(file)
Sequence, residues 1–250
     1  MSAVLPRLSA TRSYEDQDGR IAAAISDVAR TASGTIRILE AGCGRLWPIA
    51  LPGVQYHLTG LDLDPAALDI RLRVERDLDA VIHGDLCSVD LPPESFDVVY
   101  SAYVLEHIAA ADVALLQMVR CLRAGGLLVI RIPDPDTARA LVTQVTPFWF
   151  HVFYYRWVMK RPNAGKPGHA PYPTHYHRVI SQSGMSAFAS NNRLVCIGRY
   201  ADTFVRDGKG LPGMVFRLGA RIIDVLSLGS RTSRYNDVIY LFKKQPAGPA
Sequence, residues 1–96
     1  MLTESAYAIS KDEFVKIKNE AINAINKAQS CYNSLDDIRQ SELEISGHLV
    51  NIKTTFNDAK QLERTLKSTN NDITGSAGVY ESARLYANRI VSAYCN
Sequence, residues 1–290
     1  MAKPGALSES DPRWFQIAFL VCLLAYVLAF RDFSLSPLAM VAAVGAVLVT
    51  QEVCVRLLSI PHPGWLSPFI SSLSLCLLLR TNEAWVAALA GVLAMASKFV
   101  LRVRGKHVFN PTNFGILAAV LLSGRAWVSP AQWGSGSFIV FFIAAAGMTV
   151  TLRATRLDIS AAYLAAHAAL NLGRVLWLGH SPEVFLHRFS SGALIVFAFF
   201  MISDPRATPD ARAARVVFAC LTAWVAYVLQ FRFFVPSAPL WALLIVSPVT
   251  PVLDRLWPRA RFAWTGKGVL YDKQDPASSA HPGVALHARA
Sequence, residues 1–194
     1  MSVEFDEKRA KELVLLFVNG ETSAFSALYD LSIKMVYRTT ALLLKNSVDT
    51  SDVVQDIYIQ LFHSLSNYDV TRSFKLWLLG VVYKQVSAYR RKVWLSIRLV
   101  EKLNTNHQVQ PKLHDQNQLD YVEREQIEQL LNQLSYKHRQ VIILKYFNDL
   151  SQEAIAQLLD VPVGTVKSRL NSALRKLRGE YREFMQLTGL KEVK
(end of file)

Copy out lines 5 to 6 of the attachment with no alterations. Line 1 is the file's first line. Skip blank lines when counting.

   151  HVFYYRWVMK RPNAGKPGHA PYPTHYHRVI SQSGMSAFAS NNRLVCIGRY
   201  ADTFVRDGKG LPGMVFRLGA RIIDVLSLGS RTSRYNDVIY LFKKQPAGPA